Currently, we are in close communication with governmental bodies and non-governmental actors to address these issues. As this isn't necessarily something new to Ukraine, there are some temporary mechanisms that have already been developed, but they need to be improved. For example, court applications regarding birth or death registrations in occupied territories take time. Due to the situation in 2014, we already have a simplified administrative procedure in place for registering births and deaths, but we still need to communicate these issues with our partners and with the Ukrainian Government. Compared to the situation in 2014, these issues aren't as high on the Government’s agenda, so we are working with partners to try to make it more of a priority. Today is the 126th day of the conflict and we hope Members of Parliament are becoming more aware of and willing to address these risks.
5.At ENS, we value hearing about your incredible work, despite facing both personal risk and uncertainty. This inspires all of us to try to do whatever we can to help. What kind of support does your organisation currently need? Where do you think your work will need to focus in the future?
Currently it is very hard to have long-term plans because we only find out what is happening on the frontline through daily news briefings, and the situation is constantly changing. There is a lot of different information being shared and it is hard to predict what will happen next.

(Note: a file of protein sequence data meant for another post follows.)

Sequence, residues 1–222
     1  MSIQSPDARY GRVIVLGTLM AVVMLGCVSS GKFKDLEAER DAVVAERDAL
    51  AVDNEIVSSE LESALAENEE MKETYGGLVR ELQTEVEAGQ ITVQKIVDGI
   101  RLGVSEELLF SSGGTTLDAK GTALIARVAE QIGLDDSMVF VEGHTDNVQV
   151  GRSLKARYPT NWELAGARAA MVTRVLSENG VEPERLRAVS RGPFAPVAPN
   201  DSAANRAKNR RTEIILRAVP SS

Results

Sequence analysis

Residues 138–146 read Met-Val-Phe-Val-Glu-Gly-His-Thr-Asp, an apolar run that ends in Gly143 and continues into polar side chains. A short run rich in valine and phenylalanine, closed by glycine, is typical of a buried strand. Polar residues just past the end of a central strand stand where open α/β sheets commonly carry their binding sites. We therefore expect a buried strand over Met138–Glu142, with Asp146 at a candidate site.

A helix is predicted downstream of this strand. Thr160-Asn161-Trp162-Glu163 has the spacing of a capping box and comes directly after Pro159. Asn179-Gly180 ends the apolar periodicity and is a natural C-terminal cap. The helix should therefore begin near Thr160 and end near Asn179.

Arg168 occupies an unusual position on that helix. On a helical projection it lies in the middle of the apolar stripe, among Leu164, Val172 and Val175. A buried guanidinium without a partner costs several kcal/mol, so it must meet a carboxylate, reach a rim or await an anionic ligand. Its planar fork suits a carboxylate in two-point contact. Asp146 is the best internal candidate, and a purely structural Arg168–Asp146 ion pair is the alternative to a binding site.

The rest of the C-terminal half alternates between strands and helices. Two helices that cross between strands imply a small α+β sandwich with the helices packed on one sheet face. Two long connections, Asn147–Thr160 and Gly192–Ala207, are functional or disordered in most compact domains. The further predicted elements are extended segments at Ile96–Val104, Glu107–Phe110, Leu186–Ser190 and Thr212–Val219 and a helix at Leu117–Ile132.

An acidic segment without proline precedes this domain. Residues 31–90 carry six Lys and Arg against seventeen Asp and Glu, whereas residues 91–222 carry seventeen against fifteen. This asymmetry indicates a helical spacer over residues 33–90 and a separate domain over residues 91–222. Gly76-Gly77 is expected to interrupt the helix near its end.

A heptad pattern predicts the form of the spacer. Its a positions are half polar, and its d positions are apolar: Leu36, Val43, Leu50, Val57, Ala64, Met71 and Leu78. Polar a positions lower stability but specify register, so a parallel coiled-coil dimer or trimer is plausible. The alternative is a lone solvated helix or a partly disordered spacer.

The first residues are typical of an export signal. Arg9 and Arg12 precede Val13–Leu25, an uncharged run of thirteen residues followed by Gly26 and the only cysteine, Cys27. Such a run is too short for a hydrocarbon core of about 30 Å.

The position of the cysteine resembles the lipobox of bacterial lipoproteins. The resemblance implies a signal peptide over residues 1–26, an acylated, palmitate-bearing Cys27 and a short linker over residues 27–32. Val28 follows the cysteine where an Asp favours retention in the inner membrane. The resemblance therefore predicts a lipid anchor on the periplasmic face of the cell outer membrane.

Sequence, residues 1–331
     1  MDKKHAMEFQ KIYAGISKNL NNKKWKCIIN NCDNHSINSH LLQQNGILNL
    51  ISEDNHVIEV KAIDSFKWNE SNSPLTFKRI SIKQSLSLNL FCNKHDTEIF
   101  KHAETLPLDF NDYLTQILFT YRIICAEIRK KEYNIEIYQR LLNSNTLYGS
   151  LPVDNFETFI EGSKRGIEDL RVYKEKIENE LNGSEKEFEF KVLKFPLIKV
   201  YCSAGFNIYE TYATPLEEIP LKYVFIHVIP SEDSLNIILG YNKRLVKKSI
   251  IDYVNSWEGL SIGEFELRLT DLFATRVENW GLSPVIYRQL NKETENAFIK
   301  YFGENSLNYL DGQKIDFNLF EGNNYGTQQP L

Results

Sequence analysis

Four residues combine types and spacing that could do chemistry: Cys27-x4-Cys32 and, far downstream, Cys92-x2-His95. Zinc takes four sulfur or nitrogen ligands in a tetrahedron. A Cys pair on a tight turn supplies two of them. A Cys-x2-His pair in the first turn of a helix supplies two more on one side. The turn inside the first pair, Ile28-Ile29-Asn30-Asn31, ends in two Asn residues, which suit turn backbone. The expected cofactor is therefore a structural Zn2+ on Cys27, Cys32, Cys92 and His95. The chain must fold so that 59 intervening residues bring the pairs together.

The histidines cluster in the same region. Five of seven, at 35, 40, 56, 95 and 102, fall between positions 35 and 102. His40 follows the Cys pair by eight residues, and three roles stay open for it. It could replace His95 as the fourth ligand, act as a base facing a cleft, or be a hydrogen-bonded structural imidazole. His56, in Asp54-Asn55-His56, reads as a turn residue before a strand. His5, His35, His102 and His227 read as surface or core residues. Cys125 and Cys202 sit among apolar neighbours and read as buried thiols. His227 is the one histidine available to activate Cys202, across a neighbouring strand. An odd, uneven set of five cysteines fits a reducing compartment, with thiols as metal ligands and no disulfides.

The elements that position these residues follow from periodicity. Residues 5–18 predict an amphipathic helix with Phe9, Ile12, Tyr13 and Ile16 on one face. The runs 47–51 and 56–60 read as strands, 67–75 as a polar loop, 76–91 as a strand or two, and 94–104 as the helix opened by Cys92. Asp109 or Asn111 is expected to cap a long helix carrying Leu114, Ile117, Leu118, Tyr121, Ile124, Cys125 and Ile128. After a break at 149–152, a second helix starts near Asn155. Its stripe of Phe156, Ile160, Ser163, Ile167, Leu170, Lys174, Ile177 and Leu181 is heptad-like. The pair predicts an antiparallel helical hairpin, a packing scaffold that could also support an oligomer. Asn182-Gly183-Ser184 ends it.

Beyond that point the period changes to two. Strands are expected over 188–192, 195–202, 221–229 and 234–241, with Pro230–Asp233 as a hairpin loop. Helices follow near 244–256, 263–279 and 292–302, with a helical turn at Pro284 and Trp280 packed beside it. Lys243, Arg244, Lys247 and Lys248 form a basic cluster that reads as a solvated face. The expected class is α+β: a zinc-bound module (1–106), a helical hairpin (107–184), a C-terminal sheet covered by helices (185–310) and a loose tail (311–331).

Our organisation is currently hiring new staff to handle the increasing amount of work we are facing. We gain information from colleagues, partners, and beneficiaries in different regions of Ukraine who also seek our assistance. So, we are trying to respond and provide support in new parts of the country. There was such uncertainty when the first bomb fell on 24 February about what happened and what we could do. However, a few days later, the first evacuation trains came to Odessa, and we knew that our assistance was required at the railway station. Still to this day, my colleagues go to Odessa railway station and provide children arriving with emotional support and basics like food. When the Government started to register IDPs, we also knew our expertise would be needed in registration centres in order to support their applications.
So, when discussing our future plans, I suppose we will continue to monitor the situation, find what and where our assistance is most needed, and try to address those needs. Right now, for example, there are a lot of artillery strikes still happening in Mykolaiv, so we are planning to start providing emergency kits to help either create temporary accommodation or repair current buildings as much as possible. We don’t know what new issues will arise, but we will use our experience and motivation to find solutions to the situation at hand.